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' TEN-MINUTE NOVELS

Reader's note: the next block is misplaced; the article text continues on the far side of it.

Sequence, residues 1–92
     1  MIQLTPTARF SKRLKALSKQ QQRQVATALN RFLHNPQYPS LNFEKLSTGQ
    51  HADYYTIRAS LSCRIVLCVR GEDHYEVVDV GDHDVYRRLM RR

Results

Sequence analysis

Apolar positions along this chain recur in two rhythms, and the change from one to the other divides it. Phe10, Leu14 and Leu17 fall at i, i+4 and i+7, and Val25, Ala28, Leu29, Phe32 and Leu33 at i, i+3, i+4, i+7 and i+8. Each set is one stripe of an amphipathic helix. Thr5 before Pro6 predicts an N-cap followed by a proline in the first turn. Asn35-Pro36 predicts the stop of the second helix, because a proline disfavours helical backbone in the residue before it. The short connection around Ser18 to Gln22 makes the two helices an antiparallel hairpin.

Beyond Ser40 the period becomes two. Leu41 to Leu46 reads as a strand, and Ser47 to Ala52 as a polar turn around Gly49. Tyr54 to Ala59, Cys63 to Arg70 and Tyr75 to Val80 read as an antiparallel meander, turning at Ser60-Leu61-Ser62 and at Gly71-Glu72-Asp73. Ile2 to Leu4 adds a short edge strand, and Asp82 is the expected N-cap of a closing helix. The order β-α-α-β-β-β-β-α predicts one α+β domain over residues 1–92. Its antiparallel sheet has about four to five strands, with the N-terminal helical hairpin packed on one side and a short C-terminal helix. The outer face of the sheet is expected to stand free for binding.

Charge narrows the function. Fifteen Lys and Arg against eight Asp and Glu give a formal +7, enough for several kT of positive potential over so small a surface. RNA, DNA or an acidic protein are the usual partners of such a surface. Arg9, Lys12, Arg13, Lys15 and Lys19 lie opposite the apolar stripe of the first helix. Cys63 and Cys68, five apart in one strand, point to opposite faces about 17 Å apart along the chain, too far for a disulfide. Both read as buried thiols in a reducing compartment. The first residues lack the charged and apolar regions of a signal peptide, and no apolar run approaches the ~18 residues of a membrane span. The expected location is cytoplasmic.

TODAY?TH< Lut of tbe Molbcams," by Jm? Fenimor* Cooper. Condensation by Thomas D. Conaoly. TOMORROW?"Waterloo," by Brekmann-Cbatrain. ? ?T?'J JAMES FENIMORE COOPER HardJy had Washington Irving begun probably due to the fact that hia the career with his Knickerbocker \ ?tyle could only be Improved by trans History and the Sketrh-book. which latlon. The thrill that comes from a made him the firat American man of wholesome story of adventure has a Utters to achieve asr international1 lure for all humanity, as have brave reputation, when he was Joined in deeds of derrlngdo The lS-year-old that pleasant eminence by Jamea Yale freshman (who never got his de Fenimore Cooper. gree) is known to thousands who have Irving wrote on the trad.tional lines i never heard of his great president, of English literature- Cooper found I Timothy Dwighl. "The Spy," "The something new. He presented the re-' I-**t of the Moh.cans." "The Two Ad cant but romantic pa?t of hts own , rairals, ' The Pioneers. The Red country on land and sea. and he in- Rover. ' The Pathfinder, The Pt rrrxiueed to the world the figure of lot," and 'The Prairie' are some of the noble red man. with the glamour his books most familiar, but every of mystery which the u^knovn a I- J one has his own particular taste in wayj adds to romance. He is much adventure. Bon voyage to the young more read today than Irving, his hold in heart who have yet to meet James in foreign lands :s particularly strong. FVnimore Cooper. "Last of the Mohicans" By FENIMORE COOPF.R hv Thomas D. Connolly) In the third year of the war b*" tween France and England in 'North America, news came to Fort Kdwar.l. where lay G'n. Webb with S.OOO men. that Montcalm was advancing on Fort William Henry, held by the vet eran Scotchman. Mur.ro, Webb. In stead of going ?" asai.tanee of Munre, sent him a scant handful of men Munro * daughter!*. Cora and Alice, determined to visit their father des pi?e th- danger. Capt. Duncan Hey ward, deeply in love with Al.ce, of fered to serve as their "cort. The ,tv out by little-frequented aa-h's. guided by an Indian. Is- Me nard Subtil, or Magna, as he ?as Known to his tribe. An ec.enUK .lng ir.r-master. David Gamut, attache! himself to the party, despite Ho ward's protests. As the unsuspecting travelers press ed through the thick forests, a sav age fare glared at them from a thick et. Magu* was leading the party into a trap. Two men sat by the banks of a small stream about an hour's Jour ney from Fort Edward. One. a mag nificent specimen of Indian manhood, had a terrifying emblem of death painted upon his naked breast The other. tall, with th#- lithe muscles of the woodsman, was white. "Listen. Hawkeye." >ad the Indian -We Mohicans came and made this land ours. Then came the Dutch. and gave mv people the firewater Then th?v parted with their land. Now I. a chief and a Sagamore. ha>e never seen the sun ?hine exrept through the trees, and have never Tinted the graves of -fnv fxthers. And my son. f'neas. the last of the tribe. Is the last of the Mohicans." As his name was mentioned. I ncas ?lipped into view, and seated himself gravely by the side of his father. Chingachgook. Almost immediate!v. the little cavat cade from Fort Edward came into new Hevward. addressing Hawkeye. inquired as to their whereabouts, ex plaining that their Indian guide had lost his w*> An Indian lort in the woods, said the scout in perplexity. "I should like to look at the creature." He crept stealthily into the thick et. to return after a moment, his suspicions fully confirmed Explain ing to Hevward that the Indian had tried to trap the party, he outlined a plan for the rapture of the traitor. But. as they stole upon him. Magua divined their plant and vanished in th" thick woods. Hawkeye realized th" serious p!?rfct of th" little party, and vol unteered to help them. They set off up th* river in a nnor. bound for si cave, where none hut th" scout and his Indian companions had ever set foot This haven they reached in safety, although pursued by a band of Indians, as they crossed the lake. They had barely reached their i?lar.d fortress when Ma gun's band appeared on their trail. The scout and his companions valiantly de fended their cave against a hord" of Indians, inflicting heavy losses until their ammunition gave out. Then Cora, seems that resistance *vas useless, begged th" scout and the two Indians to slip down the river, and attempt to secure rein forcements at Fort William Henry. But a short while after the scouts 6et off. Magua and his warriors ap peared. and made captive the whites who remained in the rave. Magua divided his band, and set off with hi* captives, attended by a handful of braves. He offered to **nd Alice to her father, tl * ora would go with him to his wigwam. Alice indiarnantly refused, and Ma ria. enraged, prepared to torture his captives .lust as a brave rushed at Alice, with tomahawk raised, a rifle crack ed. and the Indian dropped. Hawk eye, followed by T?ncas and Chin gachgook. rushed upon the bewild ered Indians, only Magua escaped the fury of their attack. The cap tives were freed, and, in a short time, the party entered Fort Will iam Henry, despite the fact that Montcalm was attacking it. Their stav in the fort was brief, however, for Munro. his forces heav ily outnumbered by those of Mont calm. was forced to capitulate. Montcalm promised that the defend ers of the fort should be permitted to depart for Fort Edward, and grraranteed that they should not be molested. Munro agreed, and the English abandoned the stronghold. As the women and children were filing across the plain before the fort, an Indian reached out for a trinket on the breast of a woman who bore a child in her arms. AfTrighted. the woman drew back, whereupon the In dian seised the child, and dashed it to the ground, then buried his toma hawk In the head of the woman. In an Instant the Indians of Montcalm's army fell upon the helpless women and children. Death was everywhere, and tn horrible forms. Suddenly Magua caught sight of Cora and Alice, who stood helpless by S pile Of slain. He seised the ter rified girls, and hurried them off into the woods. Gamut, whom the Indians venerated as one insane, was permit ted to accompany them. A few days later. Hawkeye and hts Indian companions, with Heyward and Munro, stood on the bloody plain. They bad searched carefully for the bodies of the girls, but without suc cess. Hawkeye. certain that Magna had carried them off, searched dui gently for the trail. Suddenly they found It. and the little party set oft a/tar the wily Magua. The trail led to an Indian village, where they came upon Gamut, ludicrl ously attired as an Imitah warrior. Heyward. disguised as a medicine man. entered the camp with Gamut., He had been in .the encampment but a short while when an old chief re quested him to drive the evil spirit from the wife of one of his young men. As Heyward was preparing for the unwelcome task, an Indian was brought into the camp, and all thought i of the woman vanished at the news that the prisoner was I'ncas, deadly i foe of the tribe. I Socn as the excitement over the captive subsided, the old chief re membered the sick woman, and es j corted Heyward to her chamber, in a ' cave of the neighboring mountain. As Heyward. alone in the chamber, save fof the dying woman, looked around him. he was startled by a great shaggy bear, which padded noiselessly in. Suddenly its head slipped off. and Heyward, astonished, was gyilng at Hawkeye, who. thus attired, had made his way into the Indian village. As the scout rearranged his dis guise. Heyward. hearing a slight nojse in another chamber, investigated, and ' found Alice there With Hawkeye's assistance, he managed to bring tne ? girl from the chamber, and stole out f of the village. Hawkeye. still in the j character of a bear, fearlessly entered [ the cabin where Uncas was imprison ed. and succeeded in liberating him. Together they made their way into i the forest. Magua. although keeping Alice with . his own tribe, nad entrusted the care of Cora to a friendly trib^ of Dela ware*. Immediately after the escape of' Alice, he hurried to the encamp 1 ment of the Delawares to claim Cora. Hv Indian law. the girl was his cap tive. and he bore her away, despite 1 the intervention of Uncas, a hofeditary chief of the tribe. As soon as he had vanished in the forest, the tribe, under the leadership of Uncas. prepared to follow him and . war against his people. In their hideous war panoply they hurried on Magua's trail. A bloody bat Mo was fought between the two Indian tribes, and the forces of I>? Benard Subrtl eniahincly de feated. Seeing that the day was lost, the wily savage seized Cora in hut, arms, and hurried toward the moun , fairs. Uncas. Heyward and Hawkeye in hot pursuit. Cora, knowing 'he fate that lay be fore her. suddenly refused to 'move from the ledge on which she stood. ?'Woman!" cried Magua, raising his knife, "choose?the wigwam or the knife of I^e Subtil?*' Xs he spoke. Uncas thudded down beside him. having jumped from a fearful heicht to the ledge. Magua. a ferocious smile on his dusky face, plunged the knife into the body of his prostrate enemy. While Magua gloated over th*- dving t'neas. one of his com ? panions shea ned his knife in Cora's ? bosom With a wild cry of triumph. Magua. [ afler leaping a wide fissure, made for the summit of'the mountain. A smele bound would carry him to the brink j of th*? precipice and assure his safety. He shouted defiantly. "The palefa-es , are dogs' The Delawares, women! . Magua leaves them on the rocks for ! the crow*!" He turned ami leaped for the height, but fell short, and only saved himself bv graspincr a bush that irrew from the side of the mountain. As he slow i ly pulled himself up. Hawkeye's rifle ri irked from below. Mataa. shaking bis hand in defiance of his enemy, shot downward to destruction. ? 'epyright. the Pn*t Publishing 'Tli* Boston rrmj). Hopvright in the l"nit??d Kingdom, the - Dominion*, its fplonie? and Dp r?*r-'Irncie*. under rh* copyright act. hv th* P?* !*?ih!ishin? Co.. Boston. Mtw. T*. ft. A. All right* jM?r?rr??d iPublished by upeoia! nrrmcemwit with th# MrT*hire New*p?l**r Syndicate. All rights re , wneil. SWEDISH MEAT CAKES. One and one-half pounds hamburg steak, 3 onion 'chopped fine), l raw potato grated, or " cold boiled ones, i grated; 1 teaspoon sugar, salt and 1 j jH-pper to taste; 2 slices bread, soaked 1 ! and squeezed dry; cup cold water ! < or milk. 1 THE ROMANCE OF A SUMMER GIRL By TOE BECKLKY. Copyright. 1919, by N. E. A "I ant on the rocks by (hr irn with thr violinist?hut thut's nn oth^r story.*? Lively Beach, the 14lh. No, my dearest Joan, life is too thrilling and swif^-moving down here to think of changing to the a'lure ments of Bentsville. I love the old place, de&? but this is my wander year. and I must live it to the end. I sat with your letter on my lap. seeing the pictures it called up. Prob ably you all had a straw ride Sat urday night in that gorgeous moon light. I sat out on the rocks by the sea with the violinist? hut that's an other story. The violinist's name is John de Gal lier. English mother. Polish-French father. Born in Switxerland. He Is with the Symphony Orchestra. Plays solo sometimes when they haven't a big headliner. Some day he will be famous. He is slim and dark, with hair so black it looks purple, and deep-set eyes that make you drop your own when he turns them full upon you. Ever since he came two days ago he has marked me for his own. That is. from the fTTCfment one of the women presented him (he asked her to and she did it with the grace of a person surrendering a right eye) he singled me out for pursuit. I didn't flee with absolute precipitation. I wanted dis traction from thinking of Eric Wallis. And to escape from Jimmie Ross. Well. dear. I have. "Comp," said this man to me Sat urday after dinner when the whole of Lively Beach was mooning on 'the moondrenched porch, "we shall go away from all this?tongue-claque. Be quick; get a warm wrap, but not that blue one." "And why not the blue*" T said, knowing I would wear whichever one he wanted me to. "It is commonplace. Never any thing commonplace for you. Wear al ways the darin*. Not every woman can. But you can. Get that orange thine with the gold on it. And hurry, we've a long walk." Joan dearest. I can give you no idea of him by this stupid medium of pen and paper. He is the sort of man who commands, and yet always knows better than you do what you want. He Is Are and steel. Power and tenderness. Force and gentle ness. The tyrant, t*ie lover. "Don't tell me who you are.** he said, lying at my feet in a sandy hol low among the rocks, "or what veg do. I don't care what you have been. Only what you are going to be I want you to have courage, do you hear* T want you?" But. Joan. I can't write It all. even to you, dearest friend on earth. It frightens me even to think of ft I have never met anyone like this man before T am not rattlebrained, you know that. Nor a sickly-sentimental ist. But he is sweeping me off m^ feet. He would any woman that h* chose to have. T can't write more tonight. He is coming. 1X>T.T.T. MOLASSES DOUGHNUTS. Two eggs, well beaten, cup sugar. V6 cup molasses, 1 cup sour milk. 1 teaspoon soda (rounding full), mixing spoon melted butter. ^ teaspoon fin ger, Vz teaspoon cinnamon. Mix as soft as can be handled without stick ing. Cut in strips and twist. BRONZE BUST PRESENTED TO THE PRESIDENT Can a woman automatically b?c?n? anything through clrcumataneai whtcfc were not within her power? Thl? is the question Madame Ona ttvia de Boyedon is putting before tna public. Madame de Boyeddh, who preaentei to President WUeon ju?t before hU trip, a bronie bust ot Perahlng. fashioned by the handi of j herself and hueband. la every inch American, but she is not recognised. tas such. ?'Not only an American, but a Vir ginian." she said, "and I cannot see how a true democracy oan deny a woman her citlsenshlp, when through no power of her owrv love calla and ?he marrlea a man of acme othar nationality, who ha? the power to remain what he la or become a native of some other country of his choice. Her notes contain the most inter esting case of a woman who in two years changed her nationality tljrea times. A rreneh woman by birth, an Amer ican citizen through her own wish and volition, again French through her marriage to & Prenchmag who had only taken out his first papers, and an Amerlcgn upon her husband s receipt of final papers. HOROSCOPE. Wednesday. Se?t??ker, 10, Ittt. I Astrologers resd this as an un lucky dsy. since the Sun. Venus. | Jupiter and Neptune are all adversa During this configuration tne 1 power of destructive or pessimistic | ! thoughts will be strongly evident land their results will be revealed! I in world chaos that but slowly re-j (turns to form that is promising forj P They who seek positions wottlfl] better defer sny attempt to obtain favorable hearing until thert is a 1 rhange of aspect. [ The signs give warning ta *cm eo especially those who are ed in business. New problems will, be presented by changed commer cial conditions. ? Neptune is in a place indicating that deceit and treachery may be | more prevalent than usual. Influences making for vanity, ?ellirhnes? and greed are held t? be ) active during this sway which ; women are peculiarly sensitive. A ureal movement to improve morals wilt mark tbe new year when revelation* concerning- laxities wui Arouse public sentiment astrologers foretell. China hen the prophecy that great leaders will arise who will accom plish modern miracles. j Persons whose birthdate it is. should beware of new acquaintances^ They should be very careful in all , financial matters. Children born on this day may proud. headMron* and very tal-i tented. Thes?- subject* of Virgo usu ally have high ambition. (Corerifht. 1913 > Complexion Smooth and velvety as the petela of a roee^ Is tho complexion aided by* Nadiae Face Powder This delicate baantiflar Imparte an indefinable rharm ? a eharaa ?rhieo lingere in the memory. The emooth texture of Nadins idhtr.l onul w.tbad off, 1? prwraaM ?unburn or the return of discoloration*. . Its coolnaae la refiraab and it eanaot harm Pink the tenderaet eldn. ? n N e dine Face FWdar Brunette milHona of com White plejrione today. Why" not your* ? S*U im Or~+ Bmmm Oniw At taxUi if UMV ?t, hf mmxl NATIONAL Ton-rr compant. Paris. Tenn. Resiaol savesjy&u nours of torture. An itching and burning skin, so bad that you feel you must grab it and tear it apart?is relieved almost insuntly through the application oi ResinoJ Ointment. The trouble generally cleans up and disappears m a short time if sufficient care and attention is given to the ailment. In extreme and aggravated cases it is advisable on retiring to anoint the affected parts thicker, then bandage with a clean piece erf linen. Far firm tri*l a/ 5,+trf jgnd Chutmeid vrrCr /????' Jdd. FOR SPEEDIER RESULT8 Resinoi Soap is so pure that it should be used for tender or easily irritat ed s?:ins. It performs jut excellent operation U used to cleanse the affected parts before the ointment is applied. This method allow* the healing and soothing Resino) medication that the ointment contains to penetrate the sur face oi the skin and sink in more thor oughly, and consequently hastens the longed-for results. -The soap, too, con tains this healing medication in a modi fied form, and is therefore most benefi cial In the treatment oi complexion troubles. mjtscroNs Wrapped around every iar ?/ Realno) Out talent and cake ct kaaino! Soap ta a booklet ot explanation and direc tiaw Read the contaats thoroughly To mrt the traausaat nefct, Ikai raUai ? aaaio ui aistak f Cattle and Sheep Men from G>lorado Say: "We Want No Legislation Against the Meat Industry" < ' - . % The men who feed America?the farmers and stock raiser* who grow the lire animals?continue to appear before the Committee on Agriculture of the Senate and tell why they are opposed to the Kenyon and Kendrick bill*. Read what these men from Colorado said the other day: William A. Drake, State Senator from Colorado, State. representing the sheep interests m Us "This Legislation Will Tie Us Hand and Foot." "An Ill-advised Attempt to Regulate Supply and Demand." "Present Laws Are Quite Sufficient." "High Prices for Labor and Feed Make High Priced Meats." "Success Depends on Free Initiative." "Will Curtail Production." " Changing a Democracy to a Bureaucracy." "Supply and Demand Make Prices." "Northern Colorado feeds annuaJI} about one million sheep and lamb*. This industry was instituted in our country about thirty yean ago by feeding about three thousand hta^. In all these years what is known as the 'Big Five' have butchered a large percentage of these animals. THAT WE HAVE PROSPERED witb the fair treatment g?ve? by these people will be readily seen oy traveling through our country. "We think this proposed legislation will be the opening wedge to tie the producer hand and foot. The feeders and finishers of a million sheep a year in Northern Colorado axe opposed to what is known as the Kendrick and Kenyon bills." Charles Clayton, Of Denver, one of the State's largest cattle feeders. "During my earliest experience 1 have found that every time an investigation of the packing industry has been attempted the feeder and producer has suffered in the long run, as he is suffering now. Every ill-advised attempt to regulate conditions which are admittedly in the province of supply and demand to control has resulted m untold loss to the producer. / "I have no complaint to enter against tbe present system of mar keting live stock nor its handling by the packers. To license the pack ing houses, the commission men. market newspapers, financial institu tions engaged in live stock affairs, dairy products and poultry dealers doing a business of $500,000 a year or more, and to dissolve present connection between the packers and refrigerator cars and stockyards, I am satisfied, would have an influence on such activities that would reflect loss immediately on producers and consumers." J. M. Williams, Of Steamboat Springs, thirty years a cattle grower in Northwestern Colorado. "So far as I can see the present laws are quite sufficient and all that is needed is their enforcement If experience shall point out ad ditional needed legislation, it can be enacted and enforced in the future, as in the past, through the Department of Justice. I am op posed to giving officials or bureaus of any kind discretionary tv over ordinary business. "Under the Department of Justice information r> the district attorneys by any depar+mont or ' jury system is so searching in its invf' more likely to be punished under o plan where personal discretion shall cc J. D. Mallon, Of Denver, a producer and commission man. "Present high prices, in my opinion, cannot be attributed to the packer. War and high labor costs make high prices for feeds and these, in torn, make high-priced meats. The present markets art wtH establiihed affair* and they afford the best facilities imaginable for the handling of stock. "I do not think it is charged that the packer is uneconomic. Surely he buys and delivers meats to the consumer much cheaper and more effectively than when such business is under government super vision or control. "Government license and control of this great industry will unsettle not only prices but efficiency?efficiency :uch as has been built up by years of effort." R. E. Vicker, Of Grand Junction, cattle grower and shipper. "I have never found any evidence that the big packing firms haTt been found unjust to us live stock producers. I believe that the future success of the live stock industry depends largely in permitting free play to individual enterprise, lawfully pursued. Proposed radical legi.<~ lation, if passed, will tend to confuse all branches of the bve stock business. It will cripple and restrict production." E. E. Stepp, Of Berthoud, farmer and cattle feeder. "Under existing conditions of high feed and labor cost:-, any action along the lines of these bills will simply curtail production, a* far a the feeder is concerned. Present agitation and uncertainty of Congressional action accounts largely for this serious condition in live stock produc tion in our section." W. C. Swayze, Of Denver, lecturer for Colorado State Grange. "As a representative of the Colorado State Grange 1 wish to say that we arc opposed to the growing tendency to change our form of government from a democracy to a bureaucracy. We fail to see how it will help either the producer or consumer to put all the functions of government in the hands of a bureau tc make rules having the effect of law; an institution usurping the legislative, executive and judicial power of the government. We believe that where any wrong is com mitted Congress should make the laws to rectify such wrong and let the offender be tried before our present United States courts. "We can see no objections to the packing houses owning their refrigerator cars if it will increase their efficiency. "We can see no disadvantage in the packers owning the stock yards, as long as they are run as public yards and charge only a smaD fee, as long as they have no advantage over their competitors and have built them only to fulfill a necessity. "In Denver the Stock Yard Company has fostered and built up the National Western Stock Show and has furnished pent to handle thousands of sheep, cattle and hogs during the rush season, these pens lying idle during the remainder of the year just to accommodate and build up the live stock industry of our section." Ben M. White, Of Eagle, president of Western Slope Live Stock and Protective A? sociation. "Our association, representing cattle with an assessed valuation of $13.348214, does not want a license form of government, as it gives too much power to one department and means death to the fire stock industry of Colorado, which is the largest industry in our State. "Oar past experience with government supervision has been most unsatisfactory. Supply and demand, and not government interference, regulates prices." .... ' Institute 6f American Meat Packers Munsey Building Washington, D. C.